Items from February, 2010
I was recently asked by Andrew Gaffney, Editor/Publisher of the DemandGen Report, to comment on trends impacting marketing automation adoption. Some of my comments along with other industry experts were published on December 15th “Industry Analysts Predict Increased Adoption, Sophistication For Automation In 2010″.
This is an important topic for B2B marketers and their bosses to consider when establishing budgets and program strategies for 2010. I have posted the questions and all my answers to assist in the dialogue.
DemandGen Report: What changes do you anticipate in marketing budgets heading into next year? Continued emphasis on demand generation investments?
I see overall spending slightly up over 2009. But emphasis will clearly be on demand gen tactics and programs that have shown a clear ROI. Expect to see less spend in traditional industry trade shows and more in one day virtual conferences. I see more emphasis in lead nurturing and developing/re-purposing content for use in those campaigns.
DemandGen Report: Adoption rates for marketing automation remained pretty low through 2009. Do you see that picking up steam in 2010?
Yes to some extent, but I think it is more the case of many companies needing to work on doing more with less, especially when it comes to executing more multi-channel, multi-tactic campaigns for smaller segmented groups of prospects and existing clients.
DemandGen Report: What shifts are going to have to take place within B2B organizations to get them to prioritize the investment in the solutions and processes required to effectively drive demand generation?
Not enough companies have a good handle on what it costs to generate a qualified lead that is accepted by sales. CEOs and CFOs will be demanding metrics that show clear ROI before making the bigger investments. What many companies are starting to realize it’s not just the costs of the tools, but the resource costs involved in process change and development that often is the stumbling block towards realizing the value.
DemandGen Report: Have automation tools and other investments in demand generation proven themselves as a competitive differentiator for the early adopters?
Yes. No question, as every case study I read showing increases in lead quality and quantity has marketing automation as a key driver. The automation investment alone though is not what creates the competitive differentiation, but how the tools are used to drive better marketing and lead management processes. In every successful project I’ve participated, the common thread was marketing’s ability to change from simply generating “hand-raiser” leads for sales to become lead qualifiers. The impact on sales performance is significant as sales spends less time with prospects who are not sales-ready. During 2009, the companies that were still closing deals were more focused on the high probability opportunities as marketing used automation to manage and develop qualified leads before turning over to sales.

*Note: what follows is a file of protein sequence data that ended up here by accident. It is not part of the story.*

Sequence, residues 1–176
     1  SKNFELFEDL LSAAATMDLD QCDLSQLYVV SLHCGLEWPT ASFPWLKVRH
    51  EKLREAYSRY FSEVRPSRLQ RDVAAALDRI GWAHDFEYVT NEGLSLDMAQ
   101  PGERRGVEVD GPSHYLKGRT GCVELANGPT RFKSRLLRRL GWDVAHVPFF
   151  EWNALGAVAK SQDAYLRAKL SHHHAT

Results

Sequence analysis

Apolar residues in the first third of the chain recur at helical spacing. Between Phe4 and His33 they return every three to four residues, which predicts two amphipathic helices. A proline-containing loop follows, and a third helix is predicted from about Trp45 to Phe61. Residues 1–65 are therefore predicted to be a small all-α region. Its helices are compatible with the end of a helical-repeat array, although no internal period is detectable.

DemandGen Report: Assuming awareness and sophistication around demand generation practices are increasing, what do you expect to be the key areas of focus for leading B2B organizations in 2010?
As I have mentioned above, improving lead management processes to optimize and realize the value of automation will be a big focus with my clients. Before trying something new, my clients are researching and asking how they can enhance what they are already doing. I expect to see more focus on behavior-based segmentation in driving more personalized/customized content for each campaign. It’s more work, but the studies show much greater results.
DemandGen Report: What other trends do you see emerging in 2010 within the demand generation/marketing automation space, i.e.?
2009 saw a significant jump in the use of telesales for 1st step lead follow-up. I believe 2010 will see marketing working even more closely with sales to define campaigns for very targeted groups of prospects. Using more online prospect intelligence (e.g., zoominfo, jigsaw) campaigns will be executed for prospect groups of 25-50 with a very specific call-to-action that sales/inside sales calls on within 48-72 hours for follow up. I have been executing a number of these type campaigns over the past few months with very strong results. Depending on sales force size, we can process hundreds of prospects in a matter of weeks or 1-2 months and generate a significant number of sales-ready opportunities. An added bonus is that we “freshen” our marketing database with the status on accounts that can now be intelligently slotted into lead nurturing campaigns based on expressed interest. In this case, marketing automation keeps the ones that are not sales-ready in lead management processes that continually test for readiness in the months ahead.
As always your comments and reactions are most welcome.
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